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A Look At The Proposed Schedule Change For College Soccer – By Ben Roth

The soccer landscape in the U.S. is slowly progressing and with this, every tier in the American soccer pyramid (MLS, NASL, USL, NCAA, Development Academy, etc), must adapt to stay relevant.  In Europe many players turn professional by the age of 16 or 17, but in America there’s limited options for high quality players.  Besides the small percentage of American players who become pros early, the primary option is playing collegiate soccer.  While college soccer is at a relatively high level, these players are only playing competitively for 3-4 months out of the year.  If you compare that to the same aged players (18-22) in Europe or the MLS; they’re playing 10-11 months of the year.  The disadvantage for these college players is vast and the college coaches are seeking to close the gap.

There’s been a proposed schedule change made by the likes of some of the nation’s top coaches including Sasho Cirovski, Marlon LeBlanc, Dave Masur, and Bobby Clark, amongst others.  This revision of the current schedule is being made with the purpose of improving: 

– The overall academic, athletic, & social quality of the student-athlete collegiate experience;

– Positively impacting the recruitment, & retention of prospective, & current student-athletes, respectively, by

 offering them a model which meets their expectations for both academic & sport development;

– Modernizing the collegiate paradigm from its’ current state, to better parallel the administration of the sport

 of soccer, both domestically, and internationally; 

– Growing the sport of soccer domestically at the collegiate level, and in particular growing the NCAA College Cup to a level in which many believe can become can become an NCAA revenue sport;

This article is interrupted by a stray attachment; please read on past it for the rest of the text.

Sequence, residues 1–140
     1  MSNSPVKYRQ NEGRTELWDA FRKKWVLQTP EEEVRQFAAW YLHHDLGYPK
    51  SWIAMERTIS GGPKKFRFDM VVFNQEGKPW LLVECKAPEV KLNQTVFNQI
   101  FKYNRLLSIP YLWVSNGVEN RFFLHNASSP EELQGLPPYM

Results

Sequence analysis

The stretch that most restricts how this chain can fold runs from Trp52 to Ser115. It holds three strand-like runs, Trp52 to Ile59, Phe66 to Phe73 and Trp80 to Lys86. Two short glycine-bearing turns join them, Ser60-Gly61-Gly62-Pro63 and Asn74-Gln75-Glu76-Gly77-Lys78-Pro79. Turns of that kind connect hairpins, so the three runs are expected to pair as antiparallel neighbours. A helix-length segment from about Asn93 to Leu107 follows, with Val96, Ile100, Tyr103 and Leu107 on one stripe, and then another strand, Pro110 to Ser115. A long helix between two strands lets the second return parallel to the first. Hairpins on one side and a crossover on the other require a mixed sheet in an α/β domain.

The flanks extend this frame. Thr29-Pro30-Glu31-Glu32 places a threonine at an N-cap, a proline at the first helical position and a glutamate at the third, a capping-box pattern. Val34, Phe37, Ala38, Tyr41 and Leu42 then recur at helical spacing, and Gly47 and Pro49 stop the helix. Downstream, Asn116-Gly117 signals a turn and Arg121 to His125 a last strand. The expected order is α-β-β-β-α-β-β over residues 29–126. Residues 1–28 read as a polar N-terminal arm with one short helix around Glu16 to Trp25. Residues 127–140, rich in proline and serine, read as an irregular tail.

– Reforming an archaic collegiate soccer model for the good of the student-athletes, the fans, the institutions, & the NCAA.

The committee has the beginning date for this new schedule starting for the 2016-17 season, which would see drastic changes across the board.  One of the biggest being the 20+ games a team plays in a short 3 month fall season being spread out across two sports seasons (Fall & Spring).  The current schedule is overcrowded and unfortunately sees players getting fatigued and injured more frequently than they should be.  These injuries also force players to miss the entire season, while this new schedule would allow more time for players to recover.

This prolonged model would see each team play 15 competitions in the fall (2 exhibitions) and 10 (1 exhibition) in the spring with some regulations.  Among these regulations would be allowing a maximum of three midweek games per semester and more importantly forcing teams to have a minimum of three nights between games.  The latter regulation is essential to recovery and allows players to be playing at 100% all the time.  Currently, a team could travel on a Thursday, play a game on a Friday, travel Saturday and then play another game on Sunday.  It wears the athletes down and doesn’t allow them to compete at the high level every time they step on the field.  This isn’t U-12 soccer; where kids can play four games in a weekend.  The point is these student-athletes need a proper restoration period.

Another major component to the model is having the College Cup being moved from December to June.  This would make the final weekend a sought-after event at a warm climate enabling college soccer to become a profit sport.  The current format where the College Cup is played in December doesn’t provide the athletes or the fans with the best quality of soccer on display.  This past College Cup, located in Philadelphia’s PPL Park was played in below freezing conditions, not ideal soccer weather.

Maybe the most crucial factor to the model is the educational benefits.  The reduced mid week games and more balanced schedule allow students to minimize their missed class time, therefore positively affecting their grades.

The proposed change has some adversaries of course, citing the sharing of fields in the spring and other details as reasons they are opposed to the model.  In general the proposal has received positive feedback from both fans and the student athletes themselves.  In fact, 86% of current men’s soccer players from ten different institutions approved of the schedule change.

Regardless, I feel the schedule would be a great step forward for the NCAA and American soccer in general.  Share your thoughts. 

Ben Roth is a contributing writer for College Soccer News.  He can be reached at

For more information on the proposed model visit,


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